Travel to the Amazon and flick an ant off a leaf, and you might be surprised what you see. Certain rainforest ant species can control their falls and glide back onto the trunks of the trees they came from. Unlike Superman, though, they're only flying to rescue themselves. An ant is light enough that a drop to the forest floor might not hurt it. But the other animals cruising the ground for snacks will cause trouble for that ant soon enough. That's why many rainforest ants have evolved to stretch out their legs and glide to safety after a fall. By staying off the ground, they stay alive a little longer. Yonatan Munk, a researcher at the University of Washington, traveled to Panama and Peru to study one of these ants in particular, called Cephalotes atratus. Munk and his coauthors wanted to see exactly how this gliding ant gets itself back to its home base. He collected wild ants from colonies at both sites (using "a mixture of honey and canned tuna as bait," in case you want to try this at home). Then Munk carried the ants into the treetops. While dangling from a branch in a harness, he gripped each ant gently with forceps. Then he dropped it. An elaborate camera setup let the researchers capture each ant's path in three dimensions as it fell, then digitize its trajectory. They recorded the paths of 58 ants that Munk dropped just one meter from the nearest tree trunk, and another 13 ants that were three meters from the trunk. To stabilize their bodies and start flying, C. atratus ants hold their legs up and out from their bodies. And they actually glide backward, reaching their targets butt-first. The ants have wide heads, Munk explains, and "their eyes are set sufficiently far out that they're able to see behind as well as in front of them." Nearly all the ants that Munk dropped swooped straight to the nearest tree trunk. Five of them targeted a different bit of nearby vegetation instead. Another 11 ants failed on their first attempt at safety, bouncing off the tree trunk. Yet they were usually able to keep gliding and make another landing. The researchers didn't bother recapturing the ants after dropping them—but they did observe many of their subjects marching back up the tree trunk toward the canopy. Digital analysis of the ants' trajectories showed that they were in control of their glides. As each ant fell, its angle of descent grew shallower. And the ants steered their flights, perhaps using the position of their limbs, to reach their targets. In fact, they steered so efficiently that their paths were only one percent longer than a straight line would have been. "The most surprising part of our results," Munk says, "was how little time most ants needed to identify their targets." The researchers had expected that ants wouldn't start steering toward their chosen tree trunks until they hit terminal velocity. But they saw that ants aimed for their landing sites even while their bodies were still accelerating. Munk's coauthor Stephen Yanoviak posted this video of a gliding ant falling toward a tree trunk on his website:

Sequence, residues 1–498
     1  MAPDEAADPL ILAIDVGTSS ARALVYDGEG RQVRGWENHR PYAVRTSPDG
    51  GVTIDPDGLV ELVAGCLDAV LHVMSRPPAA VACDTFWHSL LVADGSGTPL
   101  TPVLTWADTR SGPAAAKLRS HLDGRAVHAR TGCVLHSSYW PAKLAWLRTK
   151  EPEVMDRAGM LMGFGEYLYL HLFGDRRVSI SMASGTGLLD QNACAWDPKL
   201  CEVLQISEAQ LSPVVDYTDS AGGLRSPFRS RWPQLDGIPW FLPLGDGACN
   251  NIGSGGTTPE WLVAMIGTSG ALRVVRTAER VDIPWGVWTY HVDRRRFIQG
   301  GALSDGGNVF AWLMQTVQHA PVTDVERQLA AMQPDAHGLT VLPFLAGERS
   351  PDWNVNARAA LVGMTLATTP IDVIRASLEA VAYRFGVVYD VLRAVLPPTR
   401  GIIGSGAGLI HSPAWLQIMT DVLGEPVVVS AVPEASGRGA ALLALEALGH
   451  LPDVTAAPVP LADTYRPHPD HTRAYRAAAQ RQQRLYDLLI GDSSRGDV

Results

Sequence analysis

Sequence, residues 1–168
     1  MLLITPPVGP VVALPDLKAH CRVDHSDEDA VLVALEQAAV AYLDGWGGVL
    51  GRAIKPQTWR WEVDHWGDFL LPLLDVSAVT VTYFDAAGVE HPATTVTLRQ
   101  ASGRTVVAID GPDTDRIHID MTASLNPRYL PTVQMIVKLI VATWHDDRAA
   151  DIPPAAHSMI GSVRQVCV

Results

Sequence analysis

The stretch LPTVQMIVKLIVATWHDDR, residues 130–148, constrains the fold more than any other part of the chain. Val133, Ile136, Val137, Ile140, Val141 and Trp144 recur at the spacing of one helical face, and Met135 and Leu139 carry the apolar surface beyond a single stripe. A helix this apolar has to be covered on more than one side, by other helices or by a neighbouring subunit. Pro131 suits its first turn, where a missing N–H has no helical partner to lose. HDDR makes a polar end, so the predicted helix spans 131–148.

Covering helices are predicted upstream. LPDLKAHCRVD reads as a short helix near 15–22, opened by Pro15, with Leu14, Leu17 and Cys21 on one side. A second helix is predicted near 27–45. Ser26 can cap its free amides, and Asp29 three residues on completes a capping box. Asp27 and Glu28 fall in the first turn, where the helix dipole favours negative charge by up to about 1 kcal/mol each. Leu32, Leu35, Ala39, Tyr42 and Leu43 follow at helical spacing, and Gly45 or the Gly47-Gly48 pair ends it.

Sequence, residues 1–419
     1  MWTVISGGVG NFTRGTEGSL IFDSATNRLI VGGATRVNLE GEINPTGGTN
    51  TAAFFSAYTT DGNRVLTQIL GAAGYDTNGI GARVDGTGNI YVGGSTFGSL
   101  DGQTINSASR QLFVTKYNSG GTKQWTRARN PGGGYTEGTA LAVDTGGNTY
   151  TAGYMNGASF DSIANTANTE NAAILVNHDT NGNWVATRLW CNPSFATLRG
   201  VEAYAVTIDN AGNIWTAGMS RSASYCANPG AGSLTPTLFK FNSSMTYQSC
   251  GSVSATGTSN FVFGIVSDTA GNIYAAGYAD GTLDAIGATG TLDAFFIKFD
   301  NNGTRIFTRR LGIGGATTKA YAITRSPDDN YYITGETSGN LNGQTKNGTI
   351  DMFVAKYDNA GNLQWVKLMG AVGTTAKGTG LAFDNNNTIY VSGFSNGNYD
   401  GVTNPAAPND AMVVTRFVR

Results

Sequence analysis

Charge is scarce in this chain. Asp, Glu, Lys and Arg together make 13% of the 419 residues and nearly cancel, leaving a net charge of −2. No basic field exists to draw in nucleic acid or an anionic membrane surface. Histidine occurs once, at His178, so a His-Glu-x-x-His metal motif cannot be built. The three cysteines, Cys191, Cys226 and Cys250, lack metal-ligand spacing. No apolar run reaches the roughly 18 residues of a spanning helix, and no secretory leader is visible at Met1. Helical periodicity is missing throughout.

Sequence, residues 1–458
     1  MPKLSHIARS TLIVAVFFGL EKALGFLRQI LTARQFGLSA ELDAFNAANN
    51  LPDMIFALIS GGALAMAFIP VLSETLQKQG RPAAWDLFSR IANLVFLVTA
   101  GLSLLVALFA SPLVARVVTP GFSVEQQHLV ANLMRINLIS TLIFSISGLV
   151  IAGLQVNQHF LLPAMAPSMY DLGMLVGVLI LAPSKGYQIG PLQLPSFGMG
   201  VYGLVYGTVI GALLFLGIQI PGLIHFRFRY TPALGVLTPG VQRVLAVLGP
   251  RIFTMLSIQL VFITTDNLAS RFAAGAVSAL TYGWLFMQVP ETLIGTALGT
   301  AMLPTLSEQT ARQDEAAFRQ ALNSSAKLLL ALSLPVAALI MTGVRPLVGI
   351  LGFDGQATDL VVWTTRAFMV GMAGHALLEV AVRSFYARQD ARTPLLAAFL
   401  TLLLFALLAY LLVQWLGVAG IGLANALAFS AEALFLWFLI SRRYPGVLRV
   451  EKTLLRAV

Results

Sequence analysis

After you watch, you may want to add a new item to your list of heroically soaring objects: It's a bird! It's a plane!...It's a rainforest ant saving its own behind!
Image by Yonatan Munk (via Flickr)
Munk Y, Yanoviak SP, Koehl MA, & Dudley R (2015). The descent of ant: field-measured performance of gliding ants. The Journal of experimental biology PMID: 25788722